Saturday, July 07, 2007


For all those years when conservatives were in the minority on the Supreme Court, did you ever read news articles about how upset they were, how they felt compelled to read their dissents from the bench (because that's apparently a big deal), and how divisive the rulings were amongst the justices themselves?

I didn't. Divides were kept hidden. But no more.

With the liberal bloc narrowly losing a number of high-profile cases this term -- including late-term abortion, campaign finance reform, and public school desegregation -- the political and legal stakes produced sharper ideological lines.

Justices John Paul Stevens, David Souter, Ruth Bader Ginsburg, and Stephen Breyer all wrote toughly worded dissents, punctuated by reading some of them from the bench. It is a rarely used privilege, reserved for only the biggest, most contentious cases.

"The one symbolic step that they can take to show they are almost outraged and that they think something terrible has happened is to read these dissents from the bench. And so the fact that the more liberal members of the court have done it is really a sign that they are frustrated."

I expect this from ordinary, garden-variety liberals, but I'd like to think that Supreme Court justices are at least a little above such plebeian acts. Apparently they're not.

Legal experts say the new conservative majority of the Roberts court will continue to produce divided rulings, and divisive rhetoric.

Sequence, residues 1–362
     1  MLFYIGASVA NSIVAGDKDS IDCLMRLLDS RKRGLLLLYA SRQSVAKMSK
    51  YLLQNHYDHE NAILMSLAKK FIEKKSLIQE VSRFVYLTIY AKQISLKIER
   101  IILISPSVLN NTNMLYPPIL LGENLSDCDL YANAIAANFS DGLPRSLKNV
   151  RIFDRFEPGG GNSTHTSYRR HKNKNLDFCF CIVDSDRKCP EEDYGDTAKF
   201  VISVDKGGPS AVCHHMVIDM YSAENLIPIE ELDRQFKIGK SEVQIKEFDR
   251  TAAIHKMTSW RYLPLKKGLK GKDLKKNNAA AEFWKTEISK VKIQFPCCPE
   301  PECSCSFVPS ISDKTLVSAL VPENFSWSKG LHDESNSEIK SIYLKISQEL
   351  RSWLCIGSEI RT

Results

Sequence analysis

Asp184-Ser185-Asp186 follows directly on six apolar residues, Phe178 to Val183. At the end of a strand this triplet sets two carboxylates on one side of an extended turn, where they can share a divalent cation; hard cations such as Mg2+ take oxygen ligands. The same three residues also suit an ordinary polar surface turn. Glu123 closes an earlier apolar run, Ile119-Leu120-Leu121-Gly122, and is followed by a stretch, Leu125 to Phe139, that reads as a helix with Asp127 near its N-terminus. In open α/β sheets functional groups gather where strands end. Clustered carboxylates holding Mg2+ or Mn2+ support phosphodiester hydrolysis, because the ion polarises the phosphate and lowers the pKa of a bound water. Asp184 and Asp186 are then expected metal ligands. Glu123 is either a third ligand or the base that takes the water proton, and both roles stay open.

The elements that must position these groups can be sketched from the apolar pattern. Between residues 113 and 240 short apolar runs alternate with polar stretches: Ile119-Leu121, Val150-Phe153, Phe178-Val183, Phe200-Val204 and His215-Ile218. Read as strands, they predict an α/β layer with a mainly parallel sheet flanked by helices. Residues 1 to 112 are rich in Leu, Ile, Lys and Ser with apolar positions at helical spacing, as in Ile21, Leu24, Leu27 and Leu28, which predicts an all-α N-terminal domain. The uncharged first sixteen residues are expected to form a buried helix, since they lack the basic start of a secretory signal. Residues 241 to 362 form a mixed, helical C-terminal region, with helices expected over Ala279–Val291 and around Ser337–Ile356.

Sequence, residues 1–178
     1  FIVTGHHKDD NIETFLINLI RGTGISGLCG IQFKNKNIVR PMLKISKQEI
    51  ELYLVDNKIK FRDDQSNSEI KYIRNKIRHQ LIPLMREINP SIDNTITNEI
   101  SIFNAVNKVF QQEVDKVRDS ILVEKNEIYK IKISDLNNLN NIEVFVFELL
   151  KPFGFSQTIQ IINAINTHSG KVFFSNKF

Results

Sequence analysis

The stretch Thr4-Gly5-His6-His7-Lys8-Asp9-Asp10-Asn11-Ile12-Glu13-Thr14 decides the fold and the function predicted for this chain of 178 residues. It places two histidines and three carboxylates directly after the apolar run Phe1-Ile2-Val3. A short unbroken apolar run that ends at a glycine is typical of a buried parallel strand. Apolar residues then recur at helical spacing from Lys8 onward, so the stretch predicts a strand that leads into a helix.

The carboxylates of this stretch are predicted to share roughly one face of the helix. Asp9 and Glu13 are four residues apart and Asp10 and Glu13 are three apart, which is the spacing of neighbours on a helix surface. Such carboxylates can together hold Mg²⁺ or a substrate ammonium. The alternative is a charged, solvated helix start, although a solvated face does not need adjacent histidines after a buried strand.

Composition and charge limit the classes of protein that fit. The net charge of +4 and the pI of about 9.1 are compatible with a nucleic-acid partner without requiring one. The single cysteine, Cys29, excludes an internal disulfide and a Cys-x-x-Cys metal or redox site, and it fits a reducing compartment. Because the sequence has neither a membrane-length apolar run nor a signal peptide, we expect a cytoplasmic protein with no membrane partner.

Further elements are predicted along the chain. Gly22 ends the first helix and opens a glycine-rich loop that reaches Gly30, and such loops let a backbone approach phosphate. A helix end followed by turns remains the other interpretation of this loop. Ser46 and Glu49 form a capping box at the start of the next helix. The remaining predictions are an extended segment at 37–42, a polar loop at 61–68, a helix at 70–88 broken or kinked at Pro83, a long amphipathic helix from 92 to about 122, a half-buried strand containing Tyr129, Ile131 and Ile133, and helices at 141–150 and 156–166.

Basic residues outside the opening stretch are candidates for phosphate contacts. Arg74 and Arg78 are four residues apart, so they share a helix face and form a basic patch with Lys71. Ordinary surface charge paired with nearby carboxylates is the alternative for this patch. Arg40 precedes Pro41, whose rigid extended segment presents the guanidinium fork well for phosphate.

Why weren't legal scholars saying such things when liberals held sway in the court? Gawd, liberals think we're all entitled to their beliefs.

Update, 7/9/07: Here's someone else who thinks we're all entitled to the liberal view regarding court decisions.


Anonymous said...

If the justices of the Surpreme Court were making decisions based on sound interpretation of the law, then this would not be an issue, conservative or liberal. But because liberals have, for decades, seen the courts as a backdoor means of implementing their political agenda when the great unwashed won't accept it through the legislative process, we should expect nothing less from those liberals on the Court. That they are abandoning the Constitution and the rule of law to impose a political agenda seems to bother the liberal justices not at all. More's the pity.

Darren said...

You nailed, in just your first two sentences, it much more clearly than I did.

Ellen K said...

Legislating from the bench has become normal even though technically it's unconstitutional. Even in a legal election, such as that in Farmers Branch, when the results of the election-demanded by the plaintiffs-didn't go their way, they would simply file a lawsuit with a sympathetic judge. What sense does it make to even have an election if a minority group or political action group can simply force their views with a restraining order?

allenm said...

Makes perfect sense to me.

Liberals are the proper rulers of mankind. Just ask one of 'em. They're the rule-makers, not the rule-obeyers. Being bound by the law is for "the masses" not the law-makers. After all, those who give the law are clearly above the law. Just ask 'em. It holds true for liberal judges just as it does for liberal celebrities, politicians and liberals who are none of the above.

That's why when Justice William Douglas discovered the right to privacy in the emanation of a penumbra the lefties of the period, and since, were thrilled.

Not only was Roe v. Wade a policy victory without the tedium and uncertainty of the legislative process but it affirmed, from the highest court in the land, that law can be made by decree. If you're a law-giver which all lefties must be.